I don’t usually say this but for this book I will. Please don’t read too many reviews prior to reading this book, but please, read this book! I finished reading only a few minutes ago and the tears that haven’t been soaked up by several tissues are currently drying on my face, which I expect looks like a mess!

It’s not about finding peace. There will never be peace.

This was my first, but certainly not my last Courtney Summers book and I didn’t know what to expect other than knowing there was a mystery. I know Sadie, the book and the character, will haunt me. Before I’d finished the first 50 pages I was already searching my library catalogue for more of Courtney’s books. This surprised me because I often struggle with books that switch between formats; in this case some chapters are told from Sadie’s perspective in first person and others are transcripts of podcasts. In this book I loved the different voices that contributed to the story and never felt the jarring that can happen during transitions from one to the other.

Ever since Mattie died, it’s been like this, this surfacing of ugly things, forcing me to witness them because living through it all wasn’t enough. When Mattie was alive, I could push it down inside me because I had things to do, I had to look after her. And now … I still have things to do.

In the beginning the podcast is well behind Sadie as she searches for her sister’s killer. I both longed for and feared the podcast catching up to her in its timeline. This book tackles so many painful topics but for the most part I didn’t feel weighed down; instead I was bouyed by Sadie’s sarcasm, along with her perseverance and resilience. I will definitely remember “Becki with an i” and hold a place in my heart for Javi with the silent J, Cat, Nell, May Beth and even Claire.

I wish his darkness lived outside of him, because you have to know it’s there to see it. Like all real monsters, he hides in plain sight.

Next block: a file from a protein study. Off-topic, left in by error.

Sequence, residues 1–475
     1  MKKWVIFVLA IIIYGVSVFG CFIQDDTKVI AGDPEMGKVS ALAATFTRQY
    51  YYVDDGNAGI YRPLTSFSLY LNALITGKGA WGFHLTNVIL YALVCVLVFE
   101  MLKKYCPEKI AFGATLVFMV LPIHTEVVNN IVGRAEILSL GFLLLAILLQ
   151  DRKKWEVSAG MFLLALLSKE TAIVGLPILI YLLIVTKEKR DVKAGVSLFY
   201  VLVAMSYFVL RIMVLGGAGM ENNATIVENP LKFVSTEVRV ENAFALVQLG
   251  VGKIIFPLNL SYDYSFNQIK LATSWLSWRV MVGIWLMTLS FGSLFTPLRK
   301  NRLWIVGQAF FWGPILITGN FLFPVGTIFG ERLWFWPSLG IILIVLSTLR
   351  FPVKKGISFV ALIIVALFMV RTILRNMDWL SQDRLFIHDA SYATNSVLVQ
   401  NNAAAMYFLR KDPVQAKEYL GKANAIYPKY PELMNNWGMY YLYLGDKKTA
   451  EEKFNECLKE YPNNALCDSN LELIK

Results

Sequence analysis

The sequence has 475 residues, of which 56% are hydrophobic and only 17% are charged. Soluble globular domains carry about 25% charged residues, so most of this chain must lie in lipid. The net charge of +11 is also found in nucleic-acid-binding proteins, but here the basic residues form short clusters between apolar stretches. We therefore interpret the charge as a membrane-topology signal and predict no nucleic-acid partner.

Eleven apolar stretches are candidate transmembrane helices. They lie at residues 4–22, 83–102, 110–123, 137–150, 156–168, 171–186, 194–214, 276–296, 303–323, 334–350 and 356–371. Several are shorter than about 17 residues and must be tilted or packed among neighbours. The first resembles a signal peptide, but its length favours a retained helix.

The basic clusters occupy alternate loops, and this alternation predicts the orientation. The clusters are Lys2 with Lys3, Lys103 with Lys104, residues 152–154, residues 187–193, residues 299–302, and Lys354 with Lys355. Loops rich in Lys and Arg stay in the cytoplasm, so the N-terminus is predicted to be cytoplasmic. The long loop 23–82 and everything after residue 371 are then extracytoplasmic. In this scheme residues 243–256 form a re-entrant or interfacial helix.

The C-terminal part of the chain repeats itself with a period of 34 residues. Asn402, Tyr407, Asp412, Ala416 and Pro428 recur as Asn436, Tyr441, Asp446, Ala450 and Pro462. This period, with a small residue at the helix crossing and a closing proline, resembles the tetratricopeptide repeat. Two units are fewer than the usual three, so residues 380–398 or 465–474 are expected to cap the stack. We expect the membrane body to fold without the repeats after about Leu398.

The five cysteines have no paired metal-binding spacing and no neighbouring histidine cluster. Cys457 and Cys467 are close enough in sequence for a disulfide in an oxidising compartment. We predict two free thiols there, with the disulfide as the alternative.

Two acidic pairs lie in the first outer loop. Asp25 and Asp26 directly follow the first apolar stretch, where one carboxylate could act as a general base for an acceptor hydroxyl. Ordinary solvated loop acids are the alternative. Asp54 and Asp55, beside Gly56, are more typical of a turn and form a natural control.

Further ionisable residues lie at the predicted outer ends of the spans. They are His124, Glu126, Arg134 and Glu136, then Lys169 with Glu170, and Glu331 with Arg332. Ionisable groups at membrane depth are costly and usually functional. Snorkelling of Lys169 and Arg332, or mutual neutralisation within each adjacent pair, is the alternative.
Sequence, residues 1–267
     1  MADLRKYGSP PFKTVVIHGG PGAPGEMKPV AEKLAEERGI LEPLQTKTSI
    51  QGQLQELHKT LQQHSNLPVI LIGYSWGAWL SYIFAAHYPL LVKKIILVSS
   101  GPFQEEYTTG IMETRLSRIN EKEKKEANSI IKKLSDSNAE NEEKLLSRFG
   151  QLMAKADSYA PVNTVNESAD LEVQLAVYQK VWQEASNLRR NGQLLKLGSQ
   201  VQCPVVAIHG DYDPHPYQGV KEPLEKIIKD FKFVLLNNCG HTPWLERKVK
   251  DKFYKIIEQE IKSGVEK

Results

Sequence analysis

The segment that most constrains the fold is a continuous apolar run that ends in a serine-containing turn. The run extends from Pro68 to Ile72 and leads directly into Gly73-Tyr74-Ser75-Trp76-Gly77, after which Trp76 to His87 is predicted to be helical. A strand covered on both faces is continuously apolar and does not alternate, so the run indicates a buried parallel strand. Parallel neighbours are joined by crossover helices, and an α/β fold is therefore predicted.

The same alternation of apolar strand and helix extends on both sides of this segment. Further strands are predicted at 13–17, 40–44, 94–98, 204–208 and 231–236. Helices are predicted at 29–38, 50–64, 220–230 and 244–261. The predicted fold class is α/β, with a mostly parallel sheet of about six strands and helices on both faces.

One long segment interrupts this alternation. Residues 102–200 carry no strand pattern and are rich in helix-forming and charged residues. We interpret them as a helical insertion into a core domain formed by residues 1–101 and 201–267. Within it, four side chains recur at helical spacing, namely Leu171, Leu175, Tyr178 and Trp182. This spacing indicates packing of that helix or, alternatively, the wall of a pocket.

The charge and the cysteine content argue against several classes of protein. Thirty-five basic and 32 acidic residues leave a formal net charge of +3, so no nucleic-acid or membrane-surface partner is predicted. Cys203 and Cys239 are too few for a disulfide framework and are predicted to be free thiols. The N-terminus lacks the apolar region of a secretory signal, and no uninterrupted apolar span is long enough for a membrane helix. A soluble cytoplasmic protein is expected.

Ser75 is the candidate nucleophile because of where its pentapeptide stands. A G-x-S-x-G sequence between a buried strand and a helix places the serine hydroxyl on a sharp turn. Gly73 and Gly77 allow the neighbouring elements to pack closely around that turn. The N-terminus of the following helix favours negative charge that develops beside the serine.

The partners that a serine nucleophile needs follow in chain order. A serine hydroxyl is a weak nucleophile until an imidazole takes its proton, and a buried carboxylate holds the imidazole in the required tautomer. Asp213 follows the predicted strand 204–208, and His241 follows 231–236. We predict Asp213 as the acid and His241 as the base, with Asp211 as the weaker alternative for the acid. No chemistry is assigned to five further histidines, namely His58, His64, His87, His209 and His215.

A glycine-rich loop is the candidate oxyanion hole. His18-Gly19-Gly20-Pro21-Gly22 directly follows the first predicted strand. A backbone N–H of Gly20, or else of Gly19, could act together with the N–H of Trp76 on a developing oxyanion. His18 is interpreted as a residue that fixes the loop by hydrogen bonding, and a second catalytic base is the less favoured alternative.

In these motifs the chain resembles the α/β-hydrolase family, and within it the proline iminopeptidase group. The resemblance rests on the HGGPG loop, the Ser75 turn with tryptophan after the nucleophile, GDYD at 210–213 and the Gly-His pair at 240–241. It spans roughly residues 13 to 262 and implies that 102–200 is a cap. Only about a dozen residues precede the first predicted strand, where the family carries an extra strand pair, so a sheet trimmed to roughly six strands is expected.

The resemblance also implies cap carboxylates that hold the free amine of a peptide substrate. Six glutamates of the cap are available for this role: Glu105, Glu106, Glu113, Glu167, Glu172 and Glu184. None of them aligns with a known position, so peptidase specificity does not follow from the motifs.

One of my favourite bookish things happened in this book; another much loved book was referenced in this one. I may have gotten a teensy bit excited when a character was seen reading The Baby-Sitters Club and I’m not ashamed to tell you that I knew the exact one they were reading from the description of the cover image alone.

I did start to think I may have fallen into some plot holes but every one was filled in along the way. All of my questions were answered; all except for the most important one, but I was strangely satisfied with the ‘fill in the blanks yourself’ component. In the hands of a less capable writer I would have been really frustrated by this but with Sadie it only feels right that my heart should be conflicting with my mind.

Content warnings include murder, missing persons, violence, addiction, sexual assault, grief, child abuse, and abandonment.

Rating: 5 out of 5.

Once Upon a Blurb

A missing girl on a journey of revenge. A Serial-like podcast following the clues she’s left behind. And an ending you won’t be able to stop talking about.

Sadie hasn’t had an easy life. Growing up on her own, she’s been raising her sister Mattie in an isolated small town, trying her best to provide a normal life and keep their heads above water.

But when Mattie is found dead, Sadie’s entire world crumbles. After a somewhat botched police investigation, Sadie is determined to bring her sister’s killer to justice and hits the road following a few meager clues to find him.

When West McCray – a radio personality working on a segment about small, forgotten towns in America – overhears Sadie’s story at a local gas station, he becomes obsessed with finding the missing girl. He starts his own podcast as he tracks Sadie’s journey, trying to figure out what happened, hoping to find her before it’s too late.

Ellery Hathaway #1: The Vanishing Season – Joanna Schaffhausen

I’ve done it! I’ve finally done it!! I’ve found an author whose writing is worthy of being compared to Tess Gerritsen in a sentence like “I’ve finally found an author as good as Tess” or “This book had everything I love about Tess books and more, and it’s not even written by Tess!”